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Internal mobility is at the very core of the European project. Indeed, one of the most important rights of EU citizenship is free movement, which allows us to study, work, travel, and retire in the Member State that better suits our ideals, ambitions, and skills. Over 15 million citizens of voting age are currently exercising this right, by virtue of living in a Member State other than that of their nationality.
This number amounts to 3.41% of the entire voting population in Europe and it has doubled over the last ten years. Living in a small Swiss city, hence outside the EU, at present I am not part of these 3.41%. Yet, many of my Italian friends are. They work in Belgium, Germany, France, Spain, and the UK; a few have now returned to Italy after completing studies in another EU country. In an ideal future scenario, I would like to spend a part of my career, and possibly even my retirement, in a remote Irish village. Hence, I can easily relate to mobility engrained in EU citizenship.
While in theory mobile EU citizens should be accorded the same electoral rights as nationals of the Member State where they reside, the reality is far more complicated. Member States have wide discretion in regulating voting and candidacy rights of mobile EU citizens. As a result, there are important national variations with regard to eligibility and access to electoral rights for mobile EU citizens in the elections to the European Parliament (EP).
Non-citizen residents (foreign citizens)
My sister Anna lives in Brussels, Belgium. She wants to vote in the EP elections for Belgium: after three years in the European capital she feels more informed about political debates in Brussels than in Rome. She is considered a resident who does not hold citizenship in Belgium (hence, a non-citizen resident or a citizen of another Member States). She has the right to vote in the EP elections where she lives: all Member States grant EU citizens the right to vote and to stand as candidates in local and EP elections in line with the provisions of the EU Treaties and the EU Charter of Fundamental Rights.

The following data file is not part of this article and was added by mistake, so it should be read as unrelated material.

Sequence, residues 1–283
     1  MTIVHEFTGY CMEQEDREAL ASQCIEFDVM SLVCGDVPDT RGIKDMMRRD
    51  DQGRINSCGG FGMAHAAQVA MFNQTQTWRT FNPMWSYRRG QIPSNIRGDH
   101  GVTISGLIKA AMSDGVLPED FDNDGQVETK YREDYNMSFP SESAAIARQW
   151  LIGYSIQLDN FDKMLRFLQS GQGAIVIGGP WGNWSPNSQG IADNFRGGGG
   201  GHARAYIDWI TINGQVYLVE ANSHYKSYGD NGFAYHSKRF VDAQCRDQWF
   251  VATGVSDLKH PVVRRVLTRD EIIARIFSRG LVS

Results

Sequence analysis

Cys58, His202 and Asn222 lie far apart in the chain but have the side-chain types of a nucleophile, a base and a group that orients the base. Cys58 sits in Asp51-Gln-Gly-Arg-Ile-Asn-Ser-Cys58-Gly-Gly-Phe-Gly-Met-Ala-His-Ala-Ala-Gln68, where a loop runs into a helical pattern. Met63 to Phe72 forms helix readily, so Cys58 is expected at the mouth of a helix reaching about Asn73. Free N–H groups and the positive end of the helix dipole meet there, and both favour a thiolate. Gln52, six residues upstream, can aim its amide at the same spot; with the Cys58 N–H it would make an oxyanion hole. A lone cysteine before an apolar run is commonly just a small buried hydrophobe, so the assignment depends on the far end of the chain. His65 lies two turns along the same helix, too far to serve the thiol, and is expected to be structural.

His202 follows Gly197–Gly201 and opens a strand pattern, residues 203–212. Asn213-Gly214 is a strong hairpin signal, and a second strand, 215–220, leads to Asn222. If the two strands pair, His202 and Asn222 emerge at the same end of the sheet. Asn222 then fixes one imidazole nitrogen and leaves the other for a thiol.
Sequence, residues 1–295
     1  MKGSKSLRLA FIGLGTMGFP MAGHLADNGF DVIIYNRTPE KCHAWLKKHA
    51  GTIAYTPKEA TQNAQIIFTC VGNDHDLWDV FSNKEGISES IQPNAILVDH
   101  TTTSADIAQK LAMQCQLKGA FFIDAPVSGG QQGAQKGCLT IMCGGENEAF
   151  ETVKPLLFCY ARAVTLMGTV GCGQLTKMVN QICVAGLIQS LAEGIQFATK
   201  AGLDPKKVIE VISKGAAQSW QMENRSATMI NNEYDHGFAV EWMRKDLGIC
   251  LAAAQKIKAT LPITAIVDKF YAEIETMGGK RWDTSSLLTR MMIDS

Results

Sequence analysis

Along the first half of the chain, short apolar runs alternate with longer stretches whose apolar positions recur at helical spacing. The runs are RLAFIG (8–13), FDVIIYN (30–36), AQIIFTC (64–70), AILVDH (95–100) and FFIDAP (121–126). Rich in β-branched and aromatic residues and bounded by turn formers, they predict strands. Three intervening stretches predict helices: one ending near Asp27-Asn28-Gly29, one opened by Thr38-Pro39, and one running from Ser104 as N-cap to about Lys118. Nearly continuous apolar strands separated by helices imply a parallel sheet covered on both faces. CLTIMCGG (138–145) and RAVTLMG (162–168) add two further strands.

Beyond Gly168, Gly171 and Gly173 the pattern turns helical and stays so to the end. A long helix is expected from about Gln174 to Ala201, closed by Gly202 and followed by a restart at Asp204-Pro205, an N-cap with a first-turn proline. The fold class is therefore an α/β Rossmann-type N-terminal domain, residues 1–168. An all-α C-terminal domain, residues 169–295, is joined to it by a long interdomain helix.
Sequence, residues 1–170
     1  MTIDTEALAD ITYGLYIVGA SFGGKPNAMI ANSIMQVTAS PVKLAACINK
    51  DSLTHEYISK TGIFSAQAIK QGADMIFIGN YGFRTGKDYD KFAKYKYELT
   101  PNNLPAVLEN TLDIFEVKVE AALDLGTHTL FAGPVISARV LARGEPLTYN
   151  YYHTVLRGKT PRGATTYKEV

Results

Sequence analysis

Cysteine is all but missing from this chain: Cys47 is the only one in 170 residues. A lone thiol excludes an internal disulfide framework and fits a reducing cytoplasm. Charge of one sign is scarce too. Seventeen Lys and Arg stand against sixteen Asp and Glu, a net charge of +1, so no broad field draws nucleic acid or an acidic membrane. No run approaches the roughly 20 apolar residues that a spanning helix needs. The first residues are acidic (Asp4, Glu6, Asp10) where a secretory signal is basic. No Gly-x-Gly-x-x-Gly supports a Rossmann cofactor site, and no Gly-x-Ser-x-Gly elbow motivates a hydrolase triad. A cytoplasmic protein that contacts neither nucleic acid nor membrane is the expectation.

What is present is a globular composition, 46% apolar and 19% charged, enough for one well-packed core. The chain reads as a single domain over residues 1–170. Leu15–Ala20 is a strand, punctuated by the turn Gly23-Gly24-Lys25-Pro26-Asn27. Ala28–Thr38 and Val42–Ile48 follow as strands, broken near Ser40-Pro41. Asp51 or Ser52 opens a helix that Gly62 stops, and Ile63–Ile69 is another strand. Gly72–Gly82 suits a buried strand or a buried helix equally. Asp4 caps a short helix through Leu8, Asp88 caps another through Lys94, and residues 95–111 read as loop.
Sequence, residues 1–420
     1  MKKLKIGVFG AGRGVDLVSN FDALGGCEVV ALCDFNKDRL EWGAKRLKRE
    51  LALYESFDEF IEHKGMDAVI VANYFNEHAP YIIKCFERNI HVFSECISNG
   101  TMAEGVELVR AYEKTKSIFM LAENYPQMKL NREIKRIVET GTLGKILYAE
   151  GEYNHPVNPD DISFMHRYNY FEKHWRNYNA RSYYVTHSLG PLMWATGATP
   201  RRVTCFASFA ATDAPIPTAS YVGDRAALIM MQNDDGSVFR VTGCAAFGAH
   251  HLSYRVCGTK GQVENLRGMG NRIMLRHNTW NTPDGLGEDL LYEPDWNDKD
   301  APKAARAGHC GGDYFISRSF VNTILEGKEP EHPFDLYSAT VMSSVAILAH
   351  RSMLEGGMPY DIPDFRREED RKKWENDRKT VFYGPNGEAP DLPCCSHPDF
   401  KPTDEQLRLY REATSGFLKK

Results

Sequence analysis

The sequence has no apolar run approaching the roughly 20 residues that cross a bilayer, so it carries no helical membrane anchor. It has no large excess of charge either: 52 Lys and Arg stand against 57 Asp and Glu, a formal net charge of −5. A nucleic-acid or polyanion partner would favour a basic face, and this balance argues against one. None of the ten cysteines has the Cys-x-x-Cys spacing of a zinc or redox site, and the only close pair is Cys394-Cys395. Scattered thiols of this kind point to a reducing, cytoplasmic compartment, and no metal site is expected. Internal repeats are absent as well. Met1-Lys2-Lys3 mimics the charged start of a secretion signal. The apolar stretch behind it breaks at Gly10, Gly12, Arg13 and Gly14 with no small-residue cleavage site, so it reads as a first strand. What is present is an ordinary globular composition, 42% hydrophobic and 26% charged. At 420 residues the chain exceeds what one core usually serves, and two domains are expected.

However, voting registration for non-citizen residents varies significantly across countries. In fact, only Ireland, Lithuania, and Latvia automatically add mobile EU citizens to the electoral roll (but they still need declare that they will not vote elsewhere). In the other countries, mobile EU citizens often face challenges such as early registration deadlines. My sister had to file an application in her municipality of residence 90 days before the date of the elections – that is, by 25 February for the current elections. She did not forget to register on time – but many of her peers fell victim to procedures that take place long ahead of the elections. They lost their right to vote.
A second important issue for mobile EU citizens who want to vote in the country where they reside is the right to join a political party. If she wanted to, my sister would have no trouble joining a political party in Belgium, thanks to the country’s inclusive legislation. However, some countries impose legal barriers to foreign EU citizens becoming members of political parties in Member States. In Greece, Latvia, Lithuania, and Slovenia foreign EU citizens can only join a political organisation until they have registered this intention with the authorities. In the Czech Republic and in Poland, foreign citizens are prohibited by law from joining political parties.